I once suggested to a court that the intellectual and moral landscape in which the legal profession and justice system operated had changed over years in ways that might charitably be described as….disturbing.
Some of the case law provides a neat and tidy measure of the argument. We’ve been talking about “due process of law”. There are times when it’s very clear that a due process violation has occurred because it is so intimately related to traditional definitions of the process itself. Thus if you get arrested and no one tells you what you’re supposed to have done wrong (“notice”) or they tell you but you don’t get to defend yourself from the accusation (“opportunity to be heard”) well, then, you just haven’t received “due process of law”. The very procedures are defective, and you are “due” more than that.
But then there are other times when the procedures – the “process” – may have the appearance of being what is “due” but it’s all a sham. Nazis and commies were the gold standard for this, staging “show trials” where they’d convict their political enemies and dissenters in a “trial” the only real purpose of which was to provide the veneer of due process.
It was probably in response to this fresh wound to the integrity of judicial systems that our own in the US made a considerable effort in the 1950’s and 60’s to put some flesh on the bones of the “due process” idea, to define just when a process, seemingly proper on the surface, has in fact degenerated into the equivalent of the Nazi/commie show trials.
You could say this has not gone well. There was a flurry of activity during the Warren Court years in one direction, resulting in something of a shift away from favoring government prosecutions in criminal cases, though the shift was never nearly as dramatic as some like to pretend. That trend ran its course by the mid-1970’s. We’ve been in the counter-trend ever since.
That fits, too. Ten to fifteen years of tepid moving away from favoring the government followed by 40 years of ferocious government favoritism. Par for the course.
But the whole Warren Court enterprise was not only a feeble effort in practical effect; it was also largely an intellectual failure. We never really did get a good handle on the whole due process thing. We never really improved upon notions of due process from decades before:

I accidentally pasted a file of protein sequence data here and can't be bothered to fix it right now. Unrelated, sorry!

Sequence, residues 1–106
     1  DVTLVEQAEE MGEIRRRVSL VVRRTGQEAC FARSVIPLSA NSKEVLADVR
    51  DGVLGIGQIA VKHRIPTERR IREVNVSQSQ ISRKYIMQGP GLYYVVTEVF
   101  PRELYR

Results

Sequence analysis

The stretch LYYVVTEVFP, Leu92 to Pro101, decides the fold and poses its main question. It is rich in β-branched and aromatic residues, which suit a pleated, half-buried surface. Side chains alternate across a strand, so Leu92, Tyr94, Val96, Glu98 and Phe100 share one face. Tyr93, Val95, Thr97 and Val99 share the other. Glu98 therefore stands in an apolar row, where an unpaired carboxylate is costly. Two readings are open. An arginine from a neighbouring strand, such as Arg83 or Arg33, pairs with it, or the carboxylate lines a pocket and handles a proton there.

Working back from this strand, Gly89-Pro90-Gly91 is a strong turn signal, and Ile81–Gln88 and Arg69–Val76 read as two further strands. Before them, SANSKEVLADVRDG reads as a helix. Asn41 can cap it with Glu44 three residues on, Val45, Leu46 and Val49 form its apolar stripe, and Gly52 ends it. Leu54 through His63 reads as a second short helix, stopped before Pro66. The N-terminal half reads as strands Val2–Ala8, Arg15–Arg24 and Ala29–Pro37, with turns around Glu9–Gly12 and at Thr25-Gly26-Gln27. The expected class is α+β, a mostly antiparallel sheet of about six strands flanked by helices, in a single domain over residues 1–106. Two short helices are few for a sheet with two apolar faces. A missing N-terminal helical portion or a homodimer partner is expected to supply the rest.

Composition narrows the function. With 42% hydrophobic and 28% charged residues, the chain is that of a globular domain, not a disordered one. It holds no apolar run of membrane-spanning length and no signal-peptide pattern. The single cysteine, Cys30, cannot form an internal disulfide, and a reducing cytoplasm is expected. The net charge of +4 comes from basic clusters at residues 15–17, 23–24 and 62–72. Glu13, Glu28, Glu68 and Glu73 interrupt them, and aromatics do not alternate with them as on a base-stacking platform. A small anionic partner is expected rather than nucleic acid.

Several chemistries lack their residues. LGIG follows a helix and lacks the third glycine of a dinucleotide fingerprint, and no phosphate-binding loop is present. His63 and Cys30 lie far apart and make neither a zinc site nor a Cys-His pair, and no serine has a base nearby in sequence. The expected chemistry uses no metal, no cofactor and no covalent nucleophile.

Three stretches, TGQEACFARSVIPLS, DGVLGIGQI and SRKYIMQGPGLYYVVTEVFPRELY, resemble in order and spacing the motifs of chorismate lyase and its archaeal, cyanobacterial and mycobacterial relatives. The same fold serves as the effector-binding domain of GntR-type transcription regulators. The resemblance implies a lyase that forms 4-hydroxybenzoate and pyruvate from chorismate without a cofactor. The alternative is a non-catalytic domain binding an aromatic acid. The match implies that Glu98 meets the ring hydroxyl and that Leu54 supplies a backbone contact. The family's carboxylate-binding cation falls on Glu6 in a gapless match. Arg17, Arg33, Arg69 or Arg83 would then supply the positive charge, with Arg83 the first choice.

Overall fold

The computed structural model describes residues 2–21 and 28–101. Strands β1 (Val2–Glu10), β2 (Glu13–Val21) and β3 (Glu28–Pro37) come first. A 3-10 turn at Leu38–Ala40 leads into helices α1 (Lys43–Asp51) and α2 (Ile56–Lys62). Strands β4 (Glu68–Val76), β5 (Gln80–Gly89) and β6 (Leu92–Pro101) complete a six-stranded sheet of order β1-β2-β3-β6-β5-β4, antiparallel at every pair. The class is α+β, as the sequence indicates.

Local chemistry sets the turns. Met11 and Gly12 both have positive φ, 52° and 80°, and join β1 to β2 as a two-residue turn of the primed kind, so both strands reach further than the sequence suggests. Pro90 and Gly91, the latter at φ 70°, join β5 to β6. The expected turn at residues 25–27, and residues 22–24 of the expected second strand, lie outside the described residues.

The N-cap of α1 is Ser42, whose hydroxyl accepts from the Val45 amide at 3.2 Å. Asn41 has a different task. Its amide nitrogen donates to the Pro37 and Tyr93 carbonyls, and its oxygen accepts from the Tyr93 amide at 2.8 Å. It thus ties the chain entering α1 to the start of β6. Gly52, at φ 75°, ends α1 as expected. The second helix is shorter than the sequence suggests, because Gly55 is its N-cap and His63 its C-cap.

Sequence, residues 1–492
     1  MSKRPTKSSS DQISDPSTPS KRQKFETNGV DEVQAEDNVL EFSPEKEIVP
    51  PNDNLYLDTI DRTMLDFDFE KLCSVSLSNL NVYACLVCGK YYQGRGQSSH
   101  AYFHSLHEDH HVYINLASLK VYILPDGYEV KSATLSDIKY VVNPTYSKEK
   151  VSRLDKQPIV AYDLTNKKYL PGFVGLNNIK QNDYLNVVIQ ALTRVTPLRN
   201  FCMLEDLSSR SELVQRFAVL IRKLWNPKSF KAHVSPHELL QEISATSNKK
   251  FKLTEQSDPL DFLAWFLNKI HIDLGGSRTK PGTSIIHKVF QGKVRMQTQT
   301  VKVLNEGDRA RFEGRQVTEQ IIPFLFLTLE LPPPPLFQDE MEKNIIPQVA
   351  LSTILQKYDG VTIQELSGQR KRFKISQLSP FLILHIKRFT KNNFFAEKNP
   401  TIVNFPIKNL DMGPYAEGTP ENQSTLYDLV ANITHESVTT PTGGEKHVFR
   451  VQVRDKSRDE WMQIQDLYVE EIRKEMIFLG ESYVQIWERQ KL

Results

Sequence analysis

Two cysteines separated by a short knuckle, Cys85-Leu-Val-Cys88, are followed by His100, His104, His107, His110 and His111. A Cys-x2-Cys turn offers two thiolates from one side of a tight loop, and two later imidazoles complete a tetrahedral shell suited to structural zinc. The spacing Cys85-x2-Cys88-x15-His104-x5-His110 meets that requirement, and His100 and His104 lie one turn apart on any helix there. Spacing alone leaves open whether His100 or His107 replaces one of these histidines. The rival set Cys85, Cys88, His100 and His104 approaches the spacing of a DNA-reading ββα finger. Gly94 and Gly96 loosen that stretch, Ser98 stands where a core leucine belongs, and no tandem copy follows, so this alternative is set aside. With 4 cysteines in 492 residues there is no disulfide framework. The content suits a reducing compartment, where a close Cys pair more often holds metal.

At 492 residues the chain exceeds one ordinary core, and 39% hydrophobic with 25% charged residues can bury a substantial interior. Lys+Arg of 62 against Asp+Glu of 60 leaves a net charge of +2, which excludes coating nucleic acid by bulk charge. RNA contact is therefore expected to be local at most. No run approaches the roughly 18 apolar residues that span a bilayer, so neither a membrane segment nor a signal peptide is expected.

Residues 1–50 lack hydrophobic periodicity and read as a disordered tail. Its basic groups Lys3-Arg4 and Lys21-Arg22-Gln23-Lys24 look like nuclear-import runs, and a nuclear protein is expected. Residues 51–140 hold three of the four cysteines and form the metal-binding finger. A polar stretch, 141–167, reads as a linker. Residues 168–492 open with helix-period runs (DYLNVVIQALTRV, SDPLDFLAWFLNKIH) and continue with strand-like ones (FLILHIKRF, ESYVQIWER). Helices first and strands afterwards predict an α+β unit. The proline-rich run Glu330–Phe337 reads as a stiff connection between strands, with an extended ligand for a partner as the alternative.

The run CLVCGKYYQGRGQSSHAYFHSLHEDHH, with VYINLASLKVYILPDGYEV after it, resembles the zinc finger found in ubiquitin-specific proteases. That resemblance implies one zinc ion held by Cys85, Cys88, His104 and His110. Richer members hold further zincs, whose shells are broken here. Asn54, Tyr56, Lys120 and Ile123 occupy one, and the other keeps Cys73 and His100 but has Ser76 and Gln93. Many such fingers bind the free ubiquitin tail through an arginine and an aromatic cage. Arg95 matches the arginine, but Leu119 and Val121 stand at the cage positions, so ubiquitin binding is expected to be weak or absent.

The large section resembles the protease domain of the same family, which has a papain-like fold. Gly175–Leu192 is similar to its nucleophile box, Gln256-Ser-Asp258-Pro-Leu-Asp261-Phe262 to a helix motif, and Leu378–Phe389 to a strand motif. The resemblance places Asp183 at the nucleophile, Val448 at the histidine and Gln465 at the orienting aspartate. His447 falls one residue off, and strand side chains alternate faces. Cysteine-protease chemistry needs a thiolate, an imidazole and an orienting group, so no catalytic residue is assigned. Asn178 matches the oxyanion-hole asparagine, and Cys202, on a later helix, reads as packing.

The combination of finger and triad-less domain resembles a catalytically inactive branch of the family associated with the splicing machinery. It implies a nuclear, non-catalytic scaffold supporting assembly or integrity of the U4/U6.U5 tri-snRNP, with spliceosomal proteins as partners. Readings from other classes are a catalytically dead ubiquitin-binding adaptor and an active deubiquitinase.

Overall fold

In the light, then, of these established rules and principles: that the due process of law guaranteed by the 14th Amendment has regard to substance of right, and not to matters of form or procedure; that it is open to the courts of the United States… to look beyond forms and inquire into the very substance of the matter, to the extent of deciding whether the prisoner has been deprived of his liberty without due process of law, and for this purpose to inquire into jurisdictional facts, whether they appear upon the record or not; that an investigation into the case of a prisoner held in custody by a state on conviction of a criminal offense must take into consideration the entire course of proceedings in the courts of the state, and not merely a single step in those proceedings…
Frank v. Magnum, 237 US 309 (1915)
So when we “look beyond forms and inquire” what, precisely, is the basis for the inquiry?
Let’s not discuss the close cases. Or rather, since maybe we can’t even tell what a ‘close’ case is, let’s look at a couple of cases 50 years apart and consider just one possible basis for an inquiry into whether “due process of law” has been observed in “…regard to substance of right…”; that is, does the scenario considered on the whole “shock the conscience”?
In Rochin v. California the SCOTUS found that a couple of cops acting without a warrant who apprehended a suspect in his home, took him to a hospital and had his stomach pumped to obtain the evidence of possession of illegal substances that he had swallowed shocked the conscience. That was 1952.
In Chavez v. Martinez the SCOTUS found that the intensive interrogation of a suspect who was shot “several times” by police and who claimed to be in great pain and in danger of dying even as the interrogation proceeded did not shock the conscience. That was 2003. To be fair, Chavez was a plurality opinion and even within that group was something of a mess. One of those cases where you can’t really be sure what it says. It obviously gave the SCOTUS a good deal of difficulty, and despite the abundant verbiage and dissenting opinion by Justice Stevens, this one-liner by Justice Souter is actually explicitly designated the “opinion of the Court”:
Whether Martinez may pursue a claim of liability for a substantive due process violation is thus an issue that should be addressed on remand, along with the scope and merits of any such action that may be found open to him.
Justice Stevens – already by then I think the oldest member of the Court – thought the Chavez scenario amounted to obtaining a confession by torturous methods. Which is to say, there’s quite possibly a generational perspective at work here. Which is part of the point.
The other part of the point is that it’s hard to imagine a conscience that would be shocked by the Rochin scenario but not shocked by the Chavez scenario. But one explanation is that “consciences” in 2003 were different from consciences in 1952. We were very sensitive to torturous methods and forced medical procedures in 1952; less so in 2003. At least if the subjects were accused criminals.
And it isn’t just the SCOTUS either; it’s us, because, as has been noted by my betters, SCOTUS is in many ways a reflection of what we are. Or have become.